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Tri-county Landfill v. Pollution Control Bd.

ILLINOIS APPELLATE COURT — SECOND DISTRICT (1ST DIVISION) AFFIRMED IN PART AND REVERSED IN PART.


OPINION FILED AUGUST 5, 1976.

TRI-COUNTY LANDFILL COMPANY, PETITIONER,

v.

THE POLLUTION CONTROL BOARD ET AL., RESPONDENTS. — EVERETT VAN DER MOLEN ET AL., D/B/A ELGIN LANDFILL COMPANY, PETITIONERS,

v.

THE POLLUTION CONTROL BOARD ET AL., RESPONDENTS.

PETITION for review of order of Pollution Control Board.

MR. JUSTICE HALLETT DELIVERED THE OPINION OF THE COURT:

After extended hearings, briefs and argument, the Illinois Pollution Control Board found two landfill companies (Elgin and Tri-County) who operate landfills northeast of the village of South Elgin, guilty of violating section 12 of the Environmental Protection Act (Ill. Rev. Stat. 1971, ch. 111 1/2, par. 1012) and ordered them (1) to cease and desist from causing water pollution and the threat of water pollution at their respective sites; (2) to take immediate steps to terminate leachate and pollutional discharge from their sites, to submit programs for abatement within 90 days and to effectively implement such programs within 180 days; (3) each to post a bond of $100,000 guaranteeing the submission of such a program, the bond also to provide for a forfeiture of $20,000 for any failure effectively to abate the discharge within 180 days; and (4) each to pay a penalty of $10,000 for said violations.

Elgin and Tri-County appeal and contend, in substance, (1) that the Board exceeded its statutory power in declaring private waters to be "waters of the State"; (2) that the Environmental Protection Agency and the Board are both estopped from asserting or holding that actions taken by the landfill operators violate the Act; (3) that there is no substantial evidence to support the Board's finding that there is a threat of water pollution in the operation of the landfills; and (4) that the Board erred in levying fines against them. We reverse only so much of the Board's order as purports to impose present and future penalties but affirm the Board's order in all other respects.

The landsites in question lie to the northeast of the village of South Elgin. Site A (as it was referred to in the proceedings) is owned by the Van der Molens, d/b/a Elgin Landfill Company (hereinafter referred to as Elgin). It consisted of 20 acres and had been in operation as a solid waste disposal landfill since 1961. Site B is south and immediately contiguous to Site A. Tri-County Landfill has been operating a solid waste disposal landfill on it since April, 1968. Site C consists of 235 acres of land located to the west of the existing two landfills A and B, and is separated from them by the Chicago, Aurora and Elgin Railroad right-of-way. The village of South Elgin lies immediately northwest of Site C. West of the village lies the Fox River.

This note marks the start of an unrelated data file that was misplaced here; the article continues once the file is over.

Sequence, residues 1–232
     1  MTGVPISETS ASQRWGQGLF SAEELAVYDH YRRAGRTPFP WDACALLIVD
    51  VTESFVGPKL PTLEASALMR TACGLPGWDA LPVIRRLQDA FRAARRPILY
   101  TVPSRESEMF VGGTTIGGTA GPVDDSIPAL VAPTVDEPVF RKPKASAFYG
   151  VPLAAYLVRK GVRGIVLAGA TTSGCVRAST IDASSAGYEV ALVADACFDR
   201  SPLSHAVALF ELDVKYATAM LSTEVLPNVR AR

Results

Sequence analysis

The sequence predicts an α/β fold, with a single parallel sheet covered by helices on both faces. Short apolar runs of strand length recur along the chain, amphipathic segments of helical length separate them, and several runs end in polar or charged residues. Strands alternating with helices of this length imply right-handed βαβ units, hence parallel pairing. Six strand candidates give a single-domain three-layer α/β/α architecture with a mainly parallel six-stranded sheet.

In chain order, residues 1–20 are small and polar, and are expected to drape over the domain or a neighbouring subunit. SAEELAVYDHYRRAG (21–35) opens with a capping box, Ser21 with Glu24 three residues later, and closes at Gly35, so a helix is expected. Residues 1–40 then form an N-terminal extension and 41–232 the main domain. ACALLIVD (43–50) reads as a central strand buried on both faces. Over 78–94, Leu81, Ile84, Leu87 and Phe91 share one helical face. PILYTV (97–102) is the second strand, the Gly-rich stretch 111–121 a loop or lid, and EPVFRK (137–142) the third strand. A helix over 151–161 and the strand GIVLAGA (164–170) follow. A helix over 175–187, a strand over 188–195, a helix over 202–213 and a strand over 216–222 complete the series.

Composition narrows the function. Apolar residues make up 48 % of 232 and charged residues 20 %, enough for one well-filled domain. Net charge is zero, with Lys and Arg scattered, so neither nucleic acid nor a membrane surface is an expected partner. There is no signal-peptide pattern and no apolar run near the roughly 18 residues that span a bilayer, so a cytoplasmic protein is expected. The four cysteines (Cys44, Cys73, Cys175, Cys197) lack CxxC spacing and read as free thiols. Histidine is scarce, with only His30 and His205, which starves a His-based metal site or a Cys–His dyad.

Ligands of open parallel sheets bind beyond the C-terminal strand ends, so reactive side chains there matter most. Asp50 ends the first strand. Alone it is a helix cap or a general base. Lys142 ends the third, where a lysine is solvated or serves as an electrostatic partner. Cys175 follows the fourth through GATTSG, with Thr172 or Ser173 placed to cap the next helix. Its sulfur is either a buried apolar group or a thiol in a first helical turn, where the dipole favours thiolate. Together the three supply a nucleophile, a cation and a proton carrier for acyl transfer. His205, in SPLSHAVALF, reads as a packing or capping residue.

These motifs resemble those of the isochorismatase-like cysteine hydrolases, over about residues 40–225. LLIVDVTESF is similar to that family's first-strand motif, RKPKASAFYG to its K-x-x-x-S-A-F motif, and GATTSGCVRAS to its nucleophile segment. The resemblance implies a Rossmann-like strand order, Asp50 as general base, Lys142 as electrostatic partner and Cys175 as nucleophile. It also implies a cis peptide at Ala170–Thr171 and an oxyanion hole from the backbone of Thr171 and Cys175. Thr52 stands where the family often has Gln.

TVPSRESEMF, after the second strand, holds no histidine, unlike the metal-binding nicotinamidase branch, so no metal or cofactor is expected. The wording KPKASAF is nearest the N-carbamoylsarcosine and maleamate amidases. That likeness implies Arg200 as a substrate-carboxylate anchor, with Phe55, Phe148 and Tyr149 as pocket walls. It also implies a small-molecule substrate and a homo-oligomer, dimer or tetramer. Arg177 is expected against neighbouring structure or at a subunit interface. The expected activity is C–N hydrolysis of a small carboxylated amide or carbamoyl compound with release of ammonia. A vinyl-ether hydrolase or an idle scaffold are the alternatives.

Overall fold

Site C is owned by Arc Disposal Company, Garden City Disposal Company and Tri-County. The owners had intended to use Site C for landfill purposes when Site B was completed. However, in 1972, they were denied permission by the Environmental Protection Agency to use it because such use would be in violation of the County zoning laws, although the permit in 1970 had allowed Site C to be used for landfill purposes subject to zoning laws. Site C contains two bodies of water designated Pond II and Pond III (which were part of a lake before a dam on the stream leading to the Fox River broke) and a stream.

Beneath the existing and proposed landfill sites lie two additional bodies of water, an upper aquifer found in the upper 15-30 feet of soil and a lower aquifer found beneath but apparently separated from the upper aquifer by a layer of clay. The water in the upper aquifer moved through Sites A, B and C in a southwesterly direction towards the Fox River. The source of a portion of the water in the ponds on Site C is ground water from the upper aquifer which percolates through the soil into the ponds. The second, deeper and larger aquifer also flows in a westerly or southwesterly direction. It serves as a source of South Elgin's water supply. The South Elgin well is located about 500 feet west of Site C.

The initial complaint was filed against the petitioner Tri-County Landfill Company and its manager alleging certain pollution violations. Subsequently, Elgin and certain other parties subsequently dismissed were joined as respondents. The village of South Elgin, the Environmental Protection Agency and certain citizens were granted leave to intervene as party complainants.